Mobile World Congress isn't just for standard smartphones and basic Bluetooth. It also gives manufacturers a chance to show off their more daring and unusual products. Scroll through our gallery to see some of this year's standouts.
The Fujitsu New Generation GPS Cane is a prototype walking stick with a lighted display built into the handle. It can give directions or show the user's heart rate with the aim of helping seniors get around. Fujitsu packed the cane with GPS, Bluetooth, and Wi-Fi. A route can be programmed into it, and it then takes over with helping to get the walker to the right place.
Photo by: Sarah Tew/CNET
Cat B15: The tractor of the smartphone world
Heavy-equipment manufacturer Cat takes a run at the mobile phone world. With a heritage like that, you would expect the Cat B15 Android phone to be pretty rugged. It certainly looks the part, with rubber and aluminum on the casing, but it also sports Android 4.1 Jelly Bean on the software side.
Photo by: Jessica Dolcourt/CNET
Coffee machine goes Wi-Fi
Why settle for a regular coffee machine when you could get one with Wi-Fi? Qualcomm's concept coffee maker on display at Mobile World Congress in Barcelona integrates Wi-Fi onto a standard coffee machine. It lets you control the strength, size, and brewing time of your coffee using a tablet. The machine can send out alerts when your java is ready for consumption. It's just a concept, but it's a fun look at potential home automation device.
Photo by: Luke Westaway/CNET
Dell displays tiny Android device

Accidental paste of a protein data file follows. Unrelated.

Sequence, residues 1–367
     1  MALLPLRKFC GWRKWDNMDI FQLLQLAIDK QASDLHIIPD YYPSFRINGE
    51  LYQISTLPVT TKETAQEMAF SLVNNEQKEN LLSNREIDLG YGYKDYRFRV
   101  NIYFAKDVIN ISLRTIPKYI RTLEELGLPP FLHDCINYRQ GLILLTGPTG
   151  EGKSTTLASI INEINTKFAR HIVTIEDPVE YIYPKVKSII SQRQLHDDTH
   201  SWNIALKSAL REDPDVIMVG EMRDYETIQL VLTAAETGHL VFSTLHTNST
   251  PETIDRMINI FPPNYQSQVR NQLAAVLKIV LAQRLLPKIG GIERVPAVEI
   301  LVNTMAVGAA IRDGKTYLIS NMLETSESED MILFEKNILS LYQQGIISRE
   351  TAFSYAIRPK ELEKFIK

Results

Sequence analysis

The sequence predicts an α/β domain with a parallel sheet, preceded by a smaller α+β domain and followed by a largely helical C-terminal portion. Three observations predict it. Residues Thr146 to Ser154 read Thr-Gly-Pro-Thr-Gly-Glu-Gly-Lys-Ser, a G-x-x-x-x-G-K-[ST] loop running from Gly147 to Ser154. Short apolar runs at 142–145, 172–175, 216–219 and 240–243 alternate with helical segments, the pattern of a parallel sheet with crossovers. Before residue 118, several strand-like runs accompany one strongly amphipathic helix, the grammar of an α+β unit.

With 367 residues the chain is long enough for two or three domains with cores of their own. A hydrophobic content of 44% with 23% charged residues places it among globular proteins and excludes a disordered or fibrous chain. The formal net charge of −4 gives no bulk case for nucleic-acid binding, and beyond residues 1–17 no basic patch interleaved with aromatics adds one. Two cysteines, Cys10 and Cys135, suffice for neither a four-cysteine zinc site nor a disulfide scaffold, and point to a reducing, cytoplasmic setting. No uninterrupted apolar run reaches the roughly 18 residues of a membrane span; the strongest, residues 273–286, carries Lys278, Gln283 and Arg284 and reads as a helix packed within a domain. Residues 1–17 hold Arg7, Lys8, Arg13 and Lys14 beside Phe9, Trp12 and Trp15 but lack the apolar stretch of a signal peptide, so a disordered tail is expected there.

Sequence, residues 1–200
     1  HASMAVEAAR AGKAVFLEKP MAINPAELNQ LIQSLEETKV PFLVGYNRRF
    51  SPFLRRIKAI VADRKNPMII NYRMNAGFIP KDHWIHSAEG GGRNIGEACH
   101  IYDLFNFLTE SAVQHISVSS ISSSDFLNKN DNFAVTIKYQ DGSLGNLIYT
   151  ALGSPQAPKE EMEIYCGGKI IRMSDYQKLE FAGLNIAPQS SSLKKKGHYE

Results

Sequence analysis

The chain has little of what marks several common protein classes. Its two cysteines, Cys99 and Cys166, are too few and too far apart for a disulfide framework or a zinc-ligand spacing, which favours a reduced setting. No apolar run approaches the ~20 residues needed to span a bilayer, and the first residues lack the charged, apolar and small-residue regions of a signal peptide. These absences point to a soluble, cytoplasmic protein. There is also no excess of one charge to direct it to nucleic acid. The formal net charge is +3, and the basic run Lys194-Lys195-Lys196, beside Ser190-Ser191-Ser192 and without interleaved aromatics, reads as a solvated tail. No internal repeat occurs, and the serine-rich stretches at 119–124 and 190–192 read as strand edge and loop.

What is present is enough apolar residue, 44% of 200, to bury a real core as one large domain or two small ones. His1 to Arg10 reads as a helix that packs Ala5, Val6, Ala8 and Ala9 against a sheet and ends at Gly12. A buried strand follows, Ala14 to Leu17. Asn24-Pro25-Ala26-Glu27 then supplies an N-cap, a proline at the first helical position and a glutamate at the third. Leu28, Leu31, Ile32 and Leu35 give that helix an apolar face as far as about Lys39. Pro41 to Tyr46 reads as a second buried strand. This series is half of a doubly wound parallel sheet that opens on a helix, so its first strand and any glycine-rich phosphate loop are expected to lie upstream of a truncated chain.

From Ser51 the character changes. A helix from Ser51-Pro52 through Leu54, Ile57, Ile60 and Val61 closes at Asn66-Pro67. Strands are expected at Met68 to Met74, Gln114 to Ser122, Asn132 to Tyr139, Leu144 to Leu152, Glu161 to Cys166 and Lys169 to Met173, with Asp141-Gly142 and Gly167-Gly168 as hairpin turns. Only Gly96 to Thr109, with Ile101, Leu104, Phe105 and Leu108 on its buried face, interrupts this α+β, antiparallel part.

While many people have shrunken their mobile devices from laptop down to tablet, Dell wants to take it even further with Project Ophelia, a small Android dongle that plugs into the HDMI port of a monitor, giving you access to local files, your remote desktop, and any apps and media from the Google Play store. You'll still need a Bluetooth mouse and keyboard, but it's an interesting departure from larger computing devices.
Photo by: Andrew Hoyle/CNET
NEC's dual-screen Android phone
NEC's unusual Android smartphone Medias W N-05E has two screens instead of one, and they fold down the middle. This makes for a particularly unusual take on the phablet phenomenon. Open it up and you get a 5.6-inch tablet screen to work with. Fold it over and it feels more like a regular smartphone.
Photo by: CNET Asia
SIM cards go green
Big Ben Technology showed off paper nano-SIM cards at Mobile World Congress 2013. The SIM cards themselves are made from recyclable ABS plastic with metal contact points, but the card holders are totally crafted from paper. That makes them a whole lot easier to recycle than the plastic most holders are made from. When you think about how many SIM card holders get tossed into the trash, using paper could really add up over time.
Photo by: CNET Asia
Samsung invades home theaters with Android
Samsung announced the HomeSync home theater media hub at Mobile World Congress in Barcelona. It's a bit like an AppleTV, minus the Apple. It uses an Android interface and lets you access the same apps that are on your smartphone or tablet. It should appeal to Samsung fans who already have Samsung Android gadgets and want to get the same sort of feel from their home theater experience.
Photo by: Lynn La/CNET
Power plug gives you gadget control
BeeWi took the wrappings off its Mobot prototype power plug at Mobile World Congress in Barcelona. The Mobot is more than just a timer for your electrical gadgets. The plugs can communicate with each other and your phone. Individual plugs can be turned off and on using an app. You can set schedules or get alerts from the plug's built-in motion detector. Battery backup and a temperature sensor are nice safety features. Home automation is hot and the Mobot could be a solid contender in the power plug department.
Photo by: Richard Trenholm/CNET
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